Mount Kailash – even from its outer appearance, this magnificent peak in the Tibetan part of the Himalayas seems distinctly different. Every year, Sadhguru, and with him groups of meditators, set out to explore the truth behind the legends. And what they have found is “too incredible for any sensible man to believe.”
This video captures a fascinating conversation set on the river Ganga in the ancient city of Kashi between writer, poet and communication specialist Prasoon Joshi and Sadhguru. Clearing myths behind the various rituals of the culture, Sadhguru explains the intricate science from which the rituals were created. He further delves into the elaborate rituals for the deceased, the path of the aghoris, and the mechanics of death, thereby dispelling the fear of death, bringing in the power of spiritual process to take one beyond death itself.
In a series of talks, and a walk around the ancient city with Prasoon Joshi – noted lyricist and scriptwriter – Sadhguru elaborates on the science and geometry behind the layout of the city, the rich mythology of the land, and how despite invasions, Kashi has retained its glory and power, drawing millions of people from all over the world every year.
Composed by Sounds of Isha on the occasion of Dakshinayana or the summer solstice, the momentous time when Adiyogi chose to become the Adi Guru, the first guru, to transmit yoga to his seven disciples.
This chant has to do with the more gentle forms of Shiva. In contrast to his wild and crazy forms, Shambo is a gentler, beautiful form of Shiva. It can be a key to open you up and to break limitations.
This mantra, when uttered with awareness, helps purify the system and bring meditativeness. Aum Namah Shivaya, which is held as the Mahamantra in certain cultures, has something to do with the panchaksharas, or the five elements in nature.
Adi Shankara’s work set to Isha’s own music, from the Mantra Series of Sounds Of Isha. Originally performed during a Guru Pournami Satsang with Sadhguru.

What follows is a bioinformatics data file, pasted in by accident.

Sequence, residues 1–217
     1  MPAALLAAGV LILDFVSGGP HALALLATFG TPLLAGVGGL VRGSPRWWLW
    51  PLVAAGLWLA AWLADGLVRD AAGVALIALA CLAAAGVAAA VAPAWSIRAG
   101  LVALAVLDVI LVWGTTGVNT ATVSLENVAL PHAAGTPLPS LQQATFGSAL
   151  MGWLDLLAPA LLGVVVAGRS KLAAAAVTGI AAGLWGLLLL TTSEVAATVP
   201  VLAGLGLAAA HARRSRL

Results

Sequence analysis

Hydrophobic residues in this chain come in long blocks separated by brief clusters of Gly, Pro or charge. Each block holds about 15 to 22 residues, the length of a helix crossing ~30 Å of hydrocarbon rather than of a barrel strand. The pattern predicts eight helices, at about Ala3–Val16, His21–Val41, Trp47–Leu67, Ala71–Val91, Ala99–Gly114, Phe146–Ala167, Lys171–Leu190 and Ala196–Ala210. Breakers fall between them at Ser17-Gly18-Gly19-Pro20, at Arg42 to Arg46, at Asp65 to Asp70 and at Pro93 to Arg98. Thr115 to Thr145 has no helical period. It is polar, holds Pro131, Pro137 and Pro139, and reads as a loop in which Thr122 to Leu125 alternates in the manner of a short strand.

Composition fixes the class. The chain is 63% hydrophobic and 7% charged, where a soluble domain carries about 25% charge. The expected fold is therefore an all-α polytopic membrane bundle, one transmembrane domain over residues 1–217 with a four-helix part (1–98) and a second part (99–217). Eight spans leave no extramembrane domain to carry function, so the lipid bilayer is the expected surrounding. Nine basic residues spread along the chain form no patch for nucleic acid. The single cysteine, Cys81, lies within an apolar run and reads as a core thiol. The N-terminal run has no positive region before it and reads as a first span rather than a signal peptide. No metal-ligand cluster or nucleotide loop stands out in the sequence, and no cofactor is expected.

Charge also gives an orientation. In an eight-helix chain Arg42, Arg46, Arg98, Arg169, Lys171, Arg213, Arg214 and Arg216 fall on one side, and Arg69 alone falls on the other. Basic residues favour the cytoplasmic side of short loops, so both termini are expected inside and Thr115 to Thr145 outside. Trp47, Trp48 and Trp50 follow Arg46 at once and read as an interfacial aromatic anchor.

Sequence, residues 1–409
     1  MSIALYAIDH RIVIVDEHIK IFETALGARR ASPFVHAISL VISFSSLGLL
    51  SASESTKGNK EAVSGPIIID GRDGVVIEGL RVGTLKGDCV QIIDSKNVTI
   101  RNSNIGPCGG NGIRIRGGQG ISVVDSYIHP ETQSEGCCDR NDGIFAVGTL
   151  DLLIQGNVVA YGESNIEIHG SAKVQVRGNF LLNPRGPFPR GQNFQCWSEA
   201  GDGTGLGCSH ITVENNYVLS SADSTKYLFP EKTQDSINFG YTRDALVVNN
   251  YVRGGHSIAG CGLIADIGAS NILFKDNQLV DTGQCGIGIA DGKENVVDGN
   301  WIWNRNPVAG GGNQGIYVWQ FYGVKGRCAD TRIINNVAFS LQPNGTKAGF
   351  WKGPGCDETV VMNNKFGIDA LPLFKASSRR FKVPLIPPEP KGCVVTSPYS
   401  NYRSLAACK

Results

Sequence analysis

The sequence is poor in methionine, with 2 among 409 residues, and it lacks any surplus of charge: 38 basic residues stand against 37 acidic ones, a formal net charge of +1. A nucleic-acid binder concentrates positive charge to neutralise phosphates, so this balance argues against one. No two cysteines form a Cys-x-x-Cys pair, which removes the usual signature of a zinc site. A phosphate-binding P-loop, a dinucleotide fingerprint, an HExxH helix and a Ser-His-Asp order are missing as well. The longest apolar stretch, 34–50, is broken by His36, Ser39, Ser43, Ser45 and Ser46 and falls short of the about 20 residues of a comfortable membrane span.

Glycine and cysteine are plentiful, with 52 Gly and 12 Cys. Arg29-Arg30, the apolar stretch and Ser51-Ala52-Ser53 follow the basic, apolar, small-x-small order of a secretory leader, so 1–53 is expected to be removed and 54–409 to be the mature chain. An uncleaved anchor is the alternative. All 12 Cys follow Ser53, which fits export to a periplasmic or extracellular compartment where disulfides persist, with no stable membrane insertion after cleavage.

Damaru is the musical instrument of Adiyogi, the first yogi. He is also the Adi Guru or the first Guru. The yogic lore says that on the day of Guru Purnima, he decided to offer the science of yoga to his seven disciples, who are, now, celebrated as the Saptarishis.
Guru Paduka Stotram is a very powerful chant that glorifies the “sandals of the Guru,” which are symbolically represented as “the boat to help cross the endless ocean of life.” This chant enables one to become receptive to the Guru’s Grace.
One of the most well known Sanskrit chants, Nirvana Shatakam was composed by Adi Shankaracharya himself over a thousand years ago. This chant embodies a spiritual seeker’s pursuit.
Three forces. Three qualities. Three devas. A trio, seemingly separate on the surface, but go a little deeper, and you will find a seamless union. Bridge the gap between trinity and unity, and you will find Mahadeva.
Here’s a song to get you in the spirit of Mahashivratri. Listen and let the effortless jive get you swaying.
This outpouring of devotion by Sadhguru Shri Brahma, a yogi of enormous proportions who walked this land about a century ago, captures the complete surrender that he experiences for the Adi Guru.
This song, literally meaning “Don’t Trust Shiva”, is inspired by a poem written by Sadhguru on Shiva, the Adiyogi.
Every year, a group of Isha meditators sets out on a tour of the Himalayas. Accompanying them on this journey is Sadhguru Jaggi Vasudev – a spiritual master considered by many to be one of the foremost living sages on the planet. This is a book for those who stayed behind. It is a chance to make pilgrimage on the page, travelling through the unpredictable but fascinating terrain of the Master’s words. Amalgamating discourses and conversations from several yatras, it is a blend of the specific and the timeless….
Shiva – Ultimate Outlaw